The second applicable point about Foucault’s discipline is that it is an effective means for the division of labor. This division is apparent in the hierarchy throughout the Verinder household, ranging from the lady of the house and her daughter, to those who are near enough in their confidence to have the privilege of directly attending to them – such as Betteredge himself, and his daughter Penelope – and those even lower beneath the division, such as the other maids, including Rosanna. The prospect of power relation and division is most highly epitomized in the unfulfilled love which Rosanna – a housemaid – so persistently holds for Franklin Blake. The division of power relations renders this relationship to not only be beyond the limits of possibility, but Blake himself cannot even see through this division separating them from two different worlds to even recognize Rosanna’s heart-wrenching sentiments for him.

Foucault explains that panopticism creates the structure for the following: timetables, collective training, exercises and surveillance. Through the investigation carried out by one of the most heavy perpetrators of discipline – the police – these are all evident in their dealings with the servants in attempting to solve the case. The Superintendent determines their freedom of their “timetables” to roam the house, and Sergeant Cuff orders the Frizinghall policeman for constant surveillance of suspects, and, precisely as Foucault relays, “arrests and regulates movements,” and “neutralizes effects of counterpower.”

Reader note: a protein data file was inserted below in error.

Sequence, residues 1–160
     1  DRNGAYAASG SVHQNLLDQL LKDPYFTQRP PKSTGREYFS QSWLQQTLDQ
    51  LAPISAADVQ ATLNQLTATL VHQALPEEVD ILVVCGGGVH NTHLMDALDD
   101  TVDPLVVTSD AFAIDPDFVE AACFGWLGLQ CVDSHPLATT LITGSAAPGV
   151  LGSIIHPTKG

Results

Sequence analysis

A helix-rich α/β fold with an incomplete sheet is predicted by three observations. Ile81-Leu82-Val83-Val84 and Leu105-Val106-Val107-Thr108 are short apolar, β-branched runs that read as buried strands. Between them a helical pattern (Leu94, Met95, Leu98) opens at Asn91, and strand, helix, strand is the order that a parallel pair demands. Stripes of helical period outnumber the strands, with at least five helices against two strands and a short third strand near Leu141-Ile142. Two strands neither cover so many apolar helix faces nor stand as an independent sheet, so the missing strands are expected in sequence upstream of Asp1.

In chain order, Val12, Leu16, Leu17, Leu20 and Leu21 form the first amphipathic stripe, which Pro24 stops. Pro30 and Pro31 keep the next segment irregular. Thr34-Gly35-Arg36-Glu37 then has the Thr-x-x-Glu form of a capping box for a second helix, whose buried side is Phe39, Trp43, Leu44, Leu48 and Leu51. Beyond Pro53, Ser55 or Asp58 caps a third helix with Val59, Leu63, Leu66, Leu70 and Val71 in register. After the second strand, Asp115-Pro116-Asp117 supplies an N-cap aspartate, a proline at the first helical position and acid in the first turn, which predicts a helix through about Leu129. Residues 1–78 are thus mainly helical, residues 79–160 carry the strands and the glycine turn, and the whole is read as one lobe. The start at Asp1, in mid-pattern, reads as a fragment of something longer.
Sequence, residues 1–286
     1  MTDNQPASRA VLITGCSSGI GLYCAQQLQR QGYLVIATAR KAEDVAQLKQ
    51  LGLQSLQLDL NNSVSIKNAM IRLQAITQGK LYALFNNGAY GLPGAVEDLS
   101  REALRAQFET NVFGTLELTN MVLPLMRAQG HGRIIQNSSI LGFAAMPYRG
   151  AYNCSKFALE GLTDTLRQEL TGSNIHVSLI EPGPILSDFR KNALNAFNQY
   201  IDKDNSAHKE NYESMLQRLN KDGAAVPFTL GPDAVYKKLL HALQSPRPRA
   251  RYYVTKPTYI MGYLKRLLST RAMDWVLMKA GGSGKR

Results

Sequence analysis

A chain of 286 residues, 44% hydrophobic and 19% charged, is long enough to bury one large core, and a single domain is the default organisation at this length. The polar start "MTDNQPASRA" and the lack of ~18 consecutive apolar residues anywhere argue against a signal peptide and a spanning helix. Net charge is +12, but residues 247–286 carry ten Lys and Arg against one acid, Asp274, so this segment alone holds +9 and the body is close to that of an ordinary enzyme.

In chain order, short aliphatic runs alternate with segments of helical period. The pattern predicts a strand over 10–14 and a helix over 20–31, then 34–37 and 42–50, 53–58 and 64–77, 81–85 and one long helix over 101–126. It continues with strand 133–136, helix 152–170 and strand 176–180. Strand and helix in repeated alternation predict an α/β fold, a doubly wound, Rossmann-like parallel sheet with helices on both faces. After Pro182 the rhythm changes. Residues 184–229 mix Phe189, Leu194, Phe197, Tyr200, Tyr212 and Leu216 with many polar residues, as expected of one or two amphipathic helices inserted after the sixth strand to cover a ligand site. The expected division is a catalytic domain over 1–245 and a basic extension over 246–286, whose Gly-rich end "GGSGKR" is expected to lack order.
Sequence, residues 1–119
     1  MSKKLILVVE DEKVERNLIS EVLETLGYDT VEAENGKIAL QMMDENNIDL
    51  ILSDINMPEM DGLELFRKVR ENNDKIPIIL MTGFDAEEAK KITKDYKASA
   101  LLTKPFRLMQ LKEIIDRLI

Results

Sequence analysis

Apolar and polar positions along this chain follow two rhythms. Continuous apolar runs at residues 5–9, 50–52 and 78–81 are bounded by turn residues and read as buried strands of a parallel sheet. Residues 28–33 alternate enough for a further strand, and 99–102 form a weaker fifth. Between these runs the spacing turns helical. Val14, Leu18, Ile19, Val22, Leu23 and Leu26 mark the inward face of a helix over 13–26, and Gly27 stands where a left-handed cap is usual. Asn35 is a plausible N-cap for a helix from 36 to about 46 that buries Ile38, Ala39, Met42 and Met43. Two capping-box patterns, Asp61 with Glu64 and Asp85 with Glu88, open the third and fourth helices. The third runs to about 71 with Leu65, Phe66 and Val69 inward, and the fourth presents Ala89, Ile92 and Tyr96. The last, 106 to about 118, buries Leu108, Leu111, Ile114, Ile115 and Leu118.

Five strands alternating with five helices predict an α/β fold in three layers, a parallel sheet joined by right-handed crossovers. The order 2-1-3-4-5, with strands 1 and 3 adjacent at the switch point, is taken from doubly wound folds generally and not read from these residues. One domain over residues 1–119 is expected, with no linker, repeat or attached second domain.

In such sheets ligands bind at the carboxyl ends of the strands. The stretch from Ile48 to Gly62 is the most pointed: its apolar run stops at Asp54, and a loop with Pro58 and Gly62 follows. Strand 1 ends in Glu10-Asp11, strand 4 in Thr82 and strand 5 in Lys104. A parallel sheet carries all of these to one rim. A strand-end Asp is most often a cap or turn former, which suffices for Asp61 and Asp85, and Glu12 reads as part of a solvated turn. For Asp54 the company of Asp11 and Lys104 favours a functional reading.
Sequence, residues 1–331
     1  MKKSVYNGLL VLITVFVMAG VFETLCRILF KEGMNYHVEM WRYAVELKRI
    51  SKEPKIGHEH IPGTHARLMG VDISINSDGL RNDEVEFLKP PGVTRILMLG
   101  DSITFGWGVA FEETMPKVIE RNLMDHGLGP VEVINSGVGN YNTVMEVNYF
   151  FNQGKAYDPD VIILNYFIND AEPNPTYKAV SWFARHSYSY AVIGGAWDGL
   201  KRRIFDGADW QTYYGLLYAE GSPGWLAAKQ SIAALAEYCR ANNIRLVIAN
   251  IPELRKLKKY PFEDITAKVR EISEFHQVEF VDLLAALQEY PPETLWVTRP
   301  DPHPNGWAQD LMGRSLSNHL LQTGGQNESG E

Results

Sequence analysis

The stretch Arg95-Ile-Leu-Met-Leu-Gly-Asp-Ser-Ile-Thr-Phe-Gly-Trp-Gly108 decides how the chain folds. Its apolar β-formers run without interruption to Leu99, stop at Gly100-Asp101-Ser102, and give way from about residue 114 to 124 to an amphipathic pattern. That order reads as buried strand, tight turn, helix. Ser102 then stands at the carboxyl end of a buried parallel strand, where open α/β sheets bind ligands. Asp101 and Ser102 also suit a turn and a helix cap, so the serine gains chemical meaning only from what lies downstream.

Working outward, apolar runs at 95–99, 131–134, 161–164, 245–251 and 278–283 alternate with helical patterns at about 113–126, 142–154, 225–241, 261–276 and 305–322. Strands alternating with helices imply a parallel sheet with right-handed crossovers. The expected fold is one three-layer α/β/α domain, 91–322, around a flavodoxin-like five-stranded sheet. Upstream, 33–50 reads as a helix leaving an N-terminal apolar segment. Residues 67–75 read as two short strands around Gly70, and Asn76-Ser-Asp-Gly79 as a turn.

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With the rise of European colonization throughout the world, colonized nations and cultures became part of a process of cultural shifts. Throughout the globe, the colonized nations were left with the remnants of European influence that became intertwined within the fabric of their original culture, whether through language, ideology, mentality, tradition, or faith systems. Despite their desire to retain their culture, colonization nevertheless permeated their psychology: it changed their perception of themselves – they began to perceive their own culture and themselves through the mind of the Europeans: as inferior; whereas they, either subconsciously or blatantly, considered Western culture as the “objective truth,” the superior. They came to perceive their integration into white culture as the standard by which they measure their own worth and value. Colonization, therefore, left behind in its wake a global inferiority complex engendered through a historical process of psychological conditioning, one of the subjects of which Frantz Fanon discusses in his Wretched of the Earth.